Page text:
• The Escape Issue

    Good Books for Bad Times

    The Escape Issue

    No Brow

    Good Books for Bad Times

    In general, books and people who read are more agreeable separately – nothing is irritating like a packed bookstore. In the weekends after the presidential election in November, I did my usual spins at McNally Jackson, where more people seemed inclined to pick up door-stop-sized books and there were at least three separate conversations about how “man, I just needed something to take my mind off of things.” The real reason for escapism was skirted over in favor of a generally heartening, supportive mood. In times of devastation and confusion, perhaps some of us rather need to put our minds to things. I asked around for some ideas of what we can read to help make sense of how to move forward as our world falls under the weather.

    This entire year I’ve been reading and re-reading The Face of War by Martha Gellhorn, which I think is the best book of war reporting of all time. Martha reported on both world wars and the introduction to this is like getting the shit kicked out of you. All the naivety, anger and confusion I felt before I opened this book was eaten after the opening chapter. It angers me that the movie of Gellhorn’s life was so trash, because Martha truly deserves so much better and to be remembered for so much more than her relationship with Ernest Hemingway. She was a better writer and reporter and she constantly warned people what was going to happen before it happened, while nobody listened to her, ever. I have been telling people to read this book since I picked it up (to be fair, my friend Max also gifted it to me) and I am going to keep doing it probably until I’m blue in the face. Martha is unflinching. She has seen every act of ugliness in the world for generations and does not believe journalism will save us or guide us, but that it is vital anyway to tell the truth of the reality of the situations from the front. I don’t know if I’d consider this a comforting read in the sense that it gives me hope, but it gives me clarity and it gives me strength to understand and read about how to navigate telling awful and implicating stories without being irresponsible about it all. That’s important, too.  Arabelle Sicardi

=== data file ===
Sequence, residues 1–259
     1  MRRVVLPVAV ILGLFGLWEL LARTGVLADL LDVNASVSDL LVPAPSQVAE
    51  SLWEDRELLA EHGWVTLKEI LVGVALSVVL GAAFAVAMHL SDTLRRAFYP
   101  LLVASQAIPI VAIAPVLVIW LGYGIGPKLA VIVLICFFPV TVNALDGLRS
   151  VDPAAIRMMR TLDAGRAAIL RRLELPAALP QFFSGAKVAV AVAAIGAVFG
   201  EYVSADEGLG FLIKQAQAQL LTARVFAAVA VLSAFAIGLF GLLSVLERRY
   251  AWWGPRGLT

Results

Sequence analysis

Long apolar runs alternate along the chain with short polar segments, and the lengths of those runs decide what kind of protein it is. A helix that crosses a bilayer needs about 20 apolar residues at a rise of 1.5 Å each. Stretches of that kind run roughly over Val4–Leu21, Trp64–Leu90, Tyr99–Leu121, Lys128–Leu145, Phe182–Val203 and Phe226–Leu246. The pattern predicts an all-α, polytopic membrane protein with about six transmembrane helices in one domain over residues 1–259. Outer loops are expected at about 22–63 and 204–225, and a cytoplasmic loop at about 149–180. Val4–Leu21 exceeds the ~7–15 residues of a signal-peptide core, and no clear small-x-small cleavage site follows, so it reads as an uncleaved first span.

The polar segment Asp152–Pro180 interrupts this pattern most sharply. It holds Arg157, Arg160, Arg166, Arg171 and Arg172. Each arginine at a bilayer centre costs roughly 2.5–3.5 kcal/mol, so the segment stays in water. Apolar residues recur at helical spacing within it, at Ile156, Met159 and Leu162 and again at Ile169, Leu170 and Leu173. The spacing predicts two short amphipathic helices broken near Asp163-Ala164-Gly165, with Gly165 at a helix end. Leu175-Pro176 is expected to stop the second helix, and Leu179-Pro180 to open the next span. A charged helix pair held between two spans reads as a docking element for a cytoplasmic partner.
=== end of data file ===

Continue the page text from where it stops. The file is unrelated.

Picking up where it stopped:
In the Wake: On Blackness and Being by Christina Sharpe is work that holds space for what is unbearable and insists on letting it remain unbearable. Sharpe asks, “How does one mourn the interminable event?” The wake, for Sharpe, is the 240 years of legal chattel slavery, whose intentions and affects still continue – the total global atmosphere of anti-blackness. Sharpe works the wake – what she calls “wake work” – with wake’s many forms: vigil for the dead, path of the ship, line of recoil of a gun, consequence of something, the state of coming to consciousness. I don’t think we can hope to go anywhere different than where we are now if we don’t take heed of Sharpe’s wisdom and “recognize the ways that [Blackness is] constituted through and by continued vulnerability to overwhelming force though not only known to ourselves and to each other by that force.” Johanna Hedva

    Sarah Schulman’s Conflict is Not Abuse is a difficult, imperfect book, but the ways it seeks out and finds connections between our interpersonal issues and broader national conflicts are important and necessary. In a time when so many of us are struggling to find ways to work together for justice while disagreeing on both means and ends, Schulman’s analysis of shunning, the language of abuse and supremacist mentality is more critical than ever.” Merritt K

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